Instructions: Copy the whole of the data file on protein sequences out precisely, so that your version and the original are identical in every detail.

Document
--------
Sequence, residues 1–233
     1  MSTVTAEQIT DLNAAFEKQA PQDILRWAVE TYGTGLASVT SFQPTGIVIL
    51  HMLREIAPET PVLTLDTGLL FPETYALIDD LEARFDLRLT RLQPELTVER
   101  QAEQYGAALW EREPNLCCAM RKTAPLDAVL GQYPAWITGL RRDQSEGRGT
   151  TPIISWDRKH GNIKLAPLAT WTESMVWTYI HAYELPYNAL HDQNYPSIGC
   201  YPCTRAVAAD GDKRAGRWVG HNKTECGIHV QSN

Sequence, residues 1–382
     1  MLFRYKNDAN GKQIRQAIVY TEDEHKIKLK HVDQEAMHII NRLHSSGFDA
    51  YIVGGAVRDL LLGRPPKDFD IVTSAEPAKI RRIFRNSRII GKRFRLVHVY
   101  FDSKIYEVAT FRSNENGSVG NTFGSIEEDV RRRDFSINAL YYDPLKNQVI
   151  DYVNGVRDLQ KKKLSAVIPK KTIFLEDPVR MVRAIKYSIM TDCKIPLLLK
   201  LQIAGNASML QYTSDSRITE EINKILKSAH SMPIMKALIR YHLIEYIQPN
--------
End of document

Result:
Sequence, residues 1–233
     1  MSTVTAEQIT DLNAAFEKQA PQDILRWAVE TYGTGLASVT SFQPTGIVIL
    51  HMLREIAPET PVLTLDTGLL FPETYALIDD LEARFDLRLT RLQPELTVER
   101  QAEQYGAALW EREPNLCCAM RKTAPLDAVL GQYPAWITGL RRDQSEGRGT
   151  TPIISWDRKH GNIKLAPLAT WTESMVWTYI HAYELPYNAL HDQNYPSIGC
   201  YPCTRAVAAD GDKRAGRWVG HNKTECGIHV QSN

Sequence, residues 1–382
     1  MLFRYKNDAN GKQIRQAIVY TEDEHKIKLK HVDQEAMHII NRLHSSGFDA
    51  YIVGGAVRDL LLGRPPKDFD IVTSAEPAKI RRIFRNSRII GKRFRLVHVY
   101  FDSKIYEVAT FRSNENGSVG NTFGSIEEDV RRRDFSINAL YYDPLKNQVI
   151  DYVNGVRDLQ KKKLSAVIPK KTIFLEDPVR MVRAIKYSIM TDCKIPLLLK
   201  LQIAGNASML QYTSDSRITE EINKILKSAH SMPIMKALIR YHLIEYIQPN